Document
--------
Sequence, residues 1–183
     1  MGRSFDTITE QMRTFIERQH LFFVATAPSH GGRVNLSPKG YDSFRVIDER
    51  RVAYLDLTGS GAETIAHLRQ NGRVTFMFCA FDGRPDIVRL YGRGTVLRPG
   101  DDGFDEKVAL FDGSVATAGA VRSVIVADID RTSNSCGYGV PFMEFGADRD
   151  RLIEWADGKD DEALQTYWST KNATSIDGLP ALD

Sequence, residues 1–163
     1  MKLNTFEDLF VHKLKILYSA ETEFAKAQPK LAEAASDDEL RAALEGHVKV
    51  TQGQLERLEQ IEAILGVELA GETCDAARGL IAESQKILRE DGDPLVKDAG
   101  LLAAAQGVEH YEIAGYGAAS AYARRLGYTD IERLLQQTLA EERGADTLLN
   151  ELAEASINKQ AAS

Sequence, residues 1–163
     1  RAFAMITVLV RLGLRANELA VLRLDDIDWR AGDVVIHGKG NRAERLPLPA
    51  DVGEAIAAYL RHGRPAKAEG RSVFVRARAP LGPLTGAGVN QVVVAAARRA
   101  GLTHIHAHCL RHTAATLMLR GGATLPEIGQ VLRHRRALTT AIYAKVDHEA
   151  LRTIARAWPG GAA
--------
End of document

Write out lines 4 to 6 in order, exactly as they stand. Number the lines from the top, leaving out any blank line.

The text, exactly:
   101  DDGFDEKVAL FDGSVATAGA VRSVIVADID RTSNSCGYGV PFMEFGADRD
   151  RLIEWADGKD DEALQTYWST KNATSIDGLP ALD

Sequence, residues 1–163